- Add 2 tablespoons of the butter-bourbon sauce and the milk. Mix with the potatoes and continue to mash to the desired texture (we like ours more smashed than mashed). If too thick to your liking, add a little more milk.
- Salt and pepper to taste.
Reheat in microwave and serve.
Brown Butter – I had never made brown butter before now, and found that it was pretty easy to make. The trick is to keep a watch on it so it doesn’t burn and to cook it in a white or light colored skillet or pan. If you use a dark colored pan you won’t be able to watch the color turning as the butter cooks, so it’s easy to under or overcook. As the butter cooks, the solids in the butter will sink to the bottom of the pan and start to brown. In fact, some of the brown color in the picture above is due to the brown solids on the bottom of the dish. If you do overcook it, not to worry. You could always use it as Beurre noir. To read more about Brown Butter, visit Bay Area Bites.
You can use the leftover Brown Butter Bourbon Sauce with carrots, to sauce a steak, or poured over pasta.
Milk substitute – If you don’t want to use dairy or can’t have dairy, you can always substitute soy, rice, or almond milk. I’ve used soy before and didn’t notice any difference.
Bourbon – Just use your favorite Bourbon. I use either Maker’s Mark or Blanton’s. Because the butter bourbon mixture only gets simmered for 1 minute, the alcohol will not evaporate. Therefore, if you don’t drink or even cook with alcohol, not to worry, just omit it. The nuttiness of the brown butter will still add a deliciousness to the potatoes that you’ll love.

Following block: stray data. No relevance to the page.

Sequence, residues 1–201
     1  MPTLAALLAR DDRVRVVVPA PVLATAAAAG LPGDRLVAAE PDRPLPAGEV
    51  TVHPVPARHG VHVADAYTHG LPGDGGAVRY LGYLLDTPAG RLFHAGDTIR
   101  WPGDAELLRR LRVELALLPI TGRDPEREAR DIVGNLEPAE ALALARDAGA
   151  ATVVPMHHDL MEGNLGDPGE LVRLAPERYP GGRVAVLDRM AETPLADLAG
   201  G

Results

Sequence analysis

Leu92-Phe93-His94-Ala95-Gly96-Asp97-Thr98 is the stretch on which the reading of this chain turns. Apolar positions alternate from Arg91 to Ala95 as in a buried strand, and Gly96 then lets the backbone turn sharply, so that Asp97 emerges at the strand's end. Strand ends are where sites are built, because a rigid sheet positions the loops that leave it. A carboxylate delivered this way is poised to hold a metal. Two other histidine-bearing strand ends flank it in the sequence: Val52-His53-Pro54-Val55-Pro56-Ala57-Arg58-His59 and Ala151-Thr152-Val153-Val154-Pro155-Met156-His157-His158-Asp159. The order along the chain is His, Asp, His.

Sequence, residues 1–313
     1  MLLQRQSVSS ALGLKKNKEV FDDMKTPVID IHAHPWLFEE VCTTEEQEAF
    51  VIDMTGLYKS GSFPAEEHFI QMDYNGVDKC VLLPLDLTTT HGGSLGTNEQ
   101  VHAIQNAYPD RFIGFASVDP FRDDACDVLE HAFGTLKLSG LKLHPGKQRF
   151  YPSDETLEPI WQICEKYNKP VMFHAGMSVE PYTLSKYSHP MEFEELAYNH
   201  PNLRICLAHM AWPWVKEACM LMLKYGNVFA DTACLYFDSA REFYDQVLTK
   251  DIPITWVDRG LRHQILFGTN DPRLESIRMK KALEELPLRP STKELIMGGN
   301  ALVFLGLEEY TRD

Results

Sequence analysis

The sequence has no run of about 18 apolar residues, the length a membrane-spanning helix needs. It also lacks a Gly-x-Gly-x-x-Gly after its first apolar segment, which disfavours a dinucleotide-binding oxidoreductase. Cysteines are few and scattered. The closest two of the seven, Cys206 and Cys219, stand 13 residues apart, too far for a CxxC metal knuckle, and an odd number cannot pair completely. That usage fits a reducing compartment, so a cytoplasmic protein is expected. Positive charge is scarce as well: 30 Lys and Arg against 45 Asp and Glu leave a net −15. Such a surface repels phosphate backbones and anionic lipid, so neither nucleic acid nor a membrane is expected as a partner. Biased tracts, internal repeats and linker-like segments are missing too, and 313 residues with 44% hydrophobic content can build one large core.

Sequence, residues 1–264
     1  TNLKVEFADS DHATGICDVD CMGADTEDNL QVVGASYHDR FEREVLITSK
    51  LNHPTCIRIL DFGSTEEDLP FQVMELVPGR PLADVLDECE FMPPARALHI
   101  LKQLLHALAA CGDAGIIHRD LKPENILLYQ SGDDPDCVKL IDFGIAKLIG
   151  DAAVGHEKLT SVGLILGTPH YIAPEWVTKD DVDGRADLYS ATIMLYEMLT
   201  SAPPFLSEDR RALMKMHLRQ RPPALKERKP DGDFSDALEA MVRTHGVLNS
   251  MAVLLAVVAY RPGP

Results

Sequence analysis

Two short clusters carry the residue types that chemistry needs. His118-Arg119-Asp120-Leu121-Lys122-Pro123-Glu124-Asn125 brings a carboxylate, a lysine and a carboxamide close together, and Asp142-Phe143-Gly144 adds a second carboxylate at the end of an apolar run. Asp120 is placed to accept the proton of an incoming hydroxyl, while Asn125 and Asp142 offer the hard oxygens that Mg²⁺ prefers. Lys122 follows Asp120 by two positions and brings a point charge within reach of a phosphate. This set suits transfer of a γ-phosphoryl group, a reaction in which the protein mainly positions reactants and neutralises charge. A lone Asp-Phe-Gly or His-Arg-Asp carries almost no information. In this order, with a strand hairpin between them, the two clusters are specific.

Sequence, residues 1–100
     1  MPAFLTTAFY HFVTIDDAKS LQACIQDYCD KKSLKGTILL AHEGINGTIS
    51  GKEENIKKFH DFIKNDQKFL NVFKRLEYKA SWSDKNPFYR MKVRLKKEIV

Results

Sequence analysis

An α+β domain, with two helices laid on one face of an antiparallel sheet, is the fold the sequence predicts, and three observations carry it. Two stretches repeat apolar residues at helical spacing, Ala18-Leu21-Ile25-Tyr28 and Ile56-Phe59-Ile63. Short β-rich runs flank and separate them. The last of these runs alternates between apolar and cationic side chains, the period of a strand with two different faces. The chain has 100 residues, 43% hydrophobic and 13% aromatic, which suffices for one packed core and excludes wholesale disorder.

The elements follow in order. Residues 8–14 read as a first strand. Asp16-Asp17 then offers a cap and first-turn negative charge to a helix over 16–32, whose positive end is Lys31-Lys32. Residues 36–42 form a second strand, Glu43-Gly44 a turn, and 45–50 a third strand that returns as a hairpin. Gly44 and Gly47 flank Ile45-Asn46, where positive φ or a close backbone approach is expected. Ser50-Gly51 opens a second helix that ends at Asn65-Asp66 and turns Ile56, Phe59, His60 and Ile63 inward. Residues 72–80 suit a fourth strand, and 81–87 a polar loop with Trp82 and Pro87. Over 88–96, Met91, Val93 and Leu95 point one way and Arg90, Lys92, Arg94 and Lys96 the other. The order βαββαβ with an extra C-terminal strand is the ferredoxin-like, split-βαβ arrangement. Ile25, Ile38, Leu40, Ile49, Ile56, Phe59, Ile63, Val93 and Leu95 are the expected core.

Before I wrap-up this post I would like to finally thank Soni of Soni’s Food for Thought for awarding me with the Liebster Award back in February. Liebster is a German word for sweet, beloved, kind, pleasant, lovely; therefore, receiving this award is very special. Liebster is a great way to describe Soni and everyone needs to get to know her! Her blog is fun to read and her recipes are unique and mouthwatering. She has introduced me to a wide variety of cuisines, flavors, and recipes. So please be sure to stop by her blog and say Hello. You’ll definitely be glad you did!
This recipe has been linked up to the following blog hop. Click on the link to see a variety of delicious recipes.
Katherine Martinelli’s St. Patrick’s Day Hop, Gallery of Favorites, Made With Love Monday, Meatless Monday, Just Another Meatless Monday, Made From Scratch Tuesday, Hearth and Soul Hop, What’s Cooking Wednesday, Gluten-Free Wednesday, Full Plate Thursday, Freaky Friday, Allergy-Free Wednesday, Tuesday’s Tasty Tidbits, Whole Foods Wednesday, Fat Tuesday, Gluten-Free Wednesday, Keep It Real Thursday
This recipe was featured on Made With Love Monday March 19, 2012, and
Hearth and Soul, March 27, 2012.
Gluten-Free Wednesdays @ The Gluten-Free Homemaker – October 2012
If you like this recipe, then you’ll probably like these.
Roasted Fingerling Potatoes with Smoked Paprika
Suppertime Pileup – Sweet Potatoes with fennel, onion and an egg.